Michael Schmelling

Lala Lala shares “Color of the Pool”, a sneakily drama-filled new single from her forthcoming record

Imagine if Billie Eilish better realized all the shadowy, hushed potential she offered on “When We All Fall Asleep”, Where Do We Go? on her follow-up effort. Well, her recent sophomore record would have embodied something akin to “Color of the Pool”, the latest single from Lala Lala, the solo project of Chicago-based musician Lillie West. “Color of the Pool” is also the second track unveiled from her forthcoming album, I Want The Door To Open, out Oct. 8 on Hardly Art. 

With West’s vivid ASMR whispers floating through a sparse percolating synth atmosphere, this low-key number is full of surprising drama. In fact, West keeps listeners glued to their seats, even if she’s waxing poetic about something abstract and unattainable to the casual listener, like “wanting to embody the characteristics of something pure and uncatchable, like a flame,” West reveals. The track’s potent pensiveness, instead, lies within the artist’s brave willingness to use silence to her advantage, wielding the song’s slight musical components to augment the closeness of her voice, though subdued in and of itself. This is the case until it isn’t as “Color of the Pool” closes the scene with a spazzed-out saxophone solo via Adam Schatz (Landlady) that pulls the rug from beneath her stilled listeners.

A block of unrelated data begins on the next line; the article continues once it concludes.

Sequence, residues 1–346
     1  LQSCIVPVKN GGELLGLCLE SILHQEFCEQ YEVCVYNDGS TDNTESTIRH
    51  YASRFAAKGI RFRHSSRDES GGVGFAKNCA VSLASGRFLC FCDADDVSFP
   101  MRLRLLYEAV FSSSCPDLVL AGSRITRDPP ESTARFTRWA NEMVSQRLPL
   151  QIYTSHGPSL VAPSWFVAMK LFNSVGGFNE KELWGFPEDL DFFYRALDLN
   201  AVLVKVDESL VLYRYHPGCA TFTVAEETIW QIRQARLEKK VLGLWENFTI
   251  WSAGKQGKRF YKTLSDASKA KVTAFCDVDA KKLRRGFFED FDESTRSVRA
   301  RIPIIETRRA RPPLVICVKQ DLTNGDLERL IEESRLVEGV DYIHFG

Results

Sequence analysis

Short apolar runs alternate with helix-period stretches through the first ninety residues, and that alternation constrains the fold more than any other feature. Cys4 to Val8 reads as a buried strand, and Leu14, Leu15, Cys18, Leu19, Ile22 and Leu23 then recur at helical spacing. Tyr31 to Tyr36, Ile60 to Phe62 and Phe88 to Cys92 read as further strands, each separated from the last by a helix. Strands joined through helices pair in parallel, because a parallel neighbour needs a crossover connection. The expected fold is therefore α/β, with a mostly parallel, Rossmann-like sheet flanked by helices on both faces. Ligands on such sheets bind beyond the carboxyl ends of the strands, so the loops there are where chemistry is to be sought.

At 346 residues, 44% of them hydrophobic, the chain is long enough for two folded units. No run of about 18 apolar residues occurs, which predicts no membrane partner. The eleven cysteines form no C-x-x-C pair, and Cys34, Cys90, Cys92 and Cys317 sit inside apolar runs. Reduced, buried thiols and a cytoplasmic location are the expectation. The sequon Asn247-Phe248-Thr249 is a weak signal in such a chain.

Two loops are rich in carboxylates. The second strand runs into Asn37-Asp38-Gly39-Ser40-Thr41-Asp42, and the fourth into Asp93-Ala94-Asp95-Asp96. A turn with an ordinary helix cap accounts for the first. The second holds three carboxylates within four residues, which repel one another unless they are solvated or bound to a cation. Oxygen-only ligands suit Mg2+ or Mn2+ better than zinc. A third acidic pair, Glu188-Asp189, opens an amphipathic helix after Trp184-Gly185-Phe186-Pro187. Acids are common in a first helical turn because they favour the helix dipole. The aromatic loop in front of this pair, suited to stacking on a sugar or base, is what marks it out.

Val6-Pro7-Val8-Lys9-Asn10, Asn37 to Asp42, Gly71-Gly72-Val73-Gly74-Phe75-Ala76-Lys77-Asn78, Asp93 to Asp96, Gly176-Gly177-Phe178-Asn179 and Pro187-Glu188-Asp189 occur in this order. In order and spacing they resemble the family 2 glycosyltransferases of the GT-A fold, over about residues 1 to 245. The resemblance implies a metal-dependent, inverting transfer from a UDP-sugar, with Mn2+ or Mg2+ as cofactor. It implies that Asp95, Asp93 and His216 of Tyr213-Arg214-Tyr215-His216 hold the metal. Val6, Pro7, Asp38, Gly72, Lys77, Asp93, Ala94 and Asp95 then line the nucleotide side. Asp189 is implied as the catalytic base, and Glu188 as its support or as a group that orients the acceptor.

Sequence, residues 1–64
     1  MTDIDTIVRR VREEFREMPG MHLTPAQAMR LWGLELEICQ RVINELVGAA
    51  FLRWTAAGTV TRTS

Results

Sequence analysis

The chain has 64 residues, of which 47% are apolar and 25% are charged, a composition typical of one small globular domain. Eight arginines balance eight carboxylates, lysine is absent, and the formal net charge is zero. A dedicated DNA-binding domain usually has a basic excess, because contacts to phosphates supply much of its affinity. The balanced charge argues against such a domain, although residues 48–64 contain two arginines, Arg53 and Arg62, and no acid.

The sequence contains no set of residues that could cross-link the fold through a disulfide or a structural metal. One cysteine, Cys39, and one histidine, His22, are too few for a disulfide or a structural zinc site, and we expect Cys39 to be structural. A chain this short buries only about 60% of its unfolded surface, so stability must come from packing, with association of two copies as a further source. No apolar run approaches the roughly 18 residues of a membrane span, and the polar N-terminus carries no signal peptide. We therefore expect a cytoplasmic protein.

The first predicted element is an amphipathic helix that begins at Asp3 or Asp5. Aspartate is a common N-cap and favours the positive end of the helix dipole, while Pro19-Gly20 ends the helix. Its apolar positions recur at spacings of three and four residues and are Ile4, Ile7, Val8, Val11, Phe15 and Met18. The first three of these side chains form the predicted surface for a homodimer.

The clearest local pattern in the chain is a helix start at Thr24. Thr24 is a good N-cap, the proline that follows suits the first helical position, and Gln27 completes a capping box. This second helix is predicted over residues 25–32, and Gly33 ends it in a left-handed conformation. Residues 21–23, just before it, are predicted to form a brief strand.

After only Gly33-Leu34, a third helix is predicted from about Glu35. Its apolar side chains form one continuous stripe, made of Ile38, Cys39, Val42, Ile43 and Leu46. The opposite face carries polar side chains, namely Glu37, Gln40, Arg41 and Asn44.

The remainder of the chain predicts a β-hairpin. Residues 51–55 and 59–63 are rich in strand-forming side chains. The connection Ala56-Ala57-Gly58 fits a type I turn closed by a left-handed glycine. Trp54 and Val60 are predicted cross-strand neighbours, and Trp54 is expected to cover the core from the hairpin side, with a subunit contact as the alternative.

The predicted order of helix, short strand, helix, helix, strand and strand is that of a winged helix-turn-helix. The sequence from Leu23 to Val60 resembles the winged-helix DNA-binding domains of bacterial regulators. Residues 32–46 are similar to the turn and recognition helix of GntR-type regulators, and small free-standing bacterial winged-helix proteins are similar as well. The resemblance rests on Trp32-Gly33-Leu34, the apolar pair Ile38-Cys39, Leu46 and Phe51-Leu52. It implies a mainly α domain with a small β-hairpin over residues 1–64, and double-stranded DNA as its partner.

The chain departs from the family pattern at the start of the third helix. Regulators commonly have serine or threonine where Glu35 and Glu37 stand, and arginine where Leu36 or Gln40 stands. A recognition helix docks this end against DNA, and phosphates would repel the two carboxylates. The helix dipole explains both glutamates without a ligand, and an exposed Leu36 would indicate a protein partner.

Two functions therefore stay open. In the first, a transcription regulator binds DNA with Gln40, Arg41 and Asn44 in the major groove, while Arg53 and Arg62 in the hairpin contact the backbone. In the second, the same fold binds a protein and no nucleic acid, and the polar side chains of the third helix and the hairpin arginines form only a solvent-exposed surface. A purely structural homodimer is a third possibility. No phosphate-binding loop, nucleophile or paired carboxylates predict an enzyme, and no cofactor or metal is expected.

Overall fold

With the release of this new single, Lala Lala has shared an accompanying music video, produced by Weird Life Films, that sees West ride on the back of a motorcycle through artificial projections of Chicago at night. But as the song follows through, the projections become more vivid. By the end of the video, it is no longer clear whether the city she floats through is actual, which in turn, hammers home the single’s concept of toeing the fragile line between reality and simulation. 

Check out “Color of the Pool” and its music video below and catch Lala Lala on Twitter and Instagram.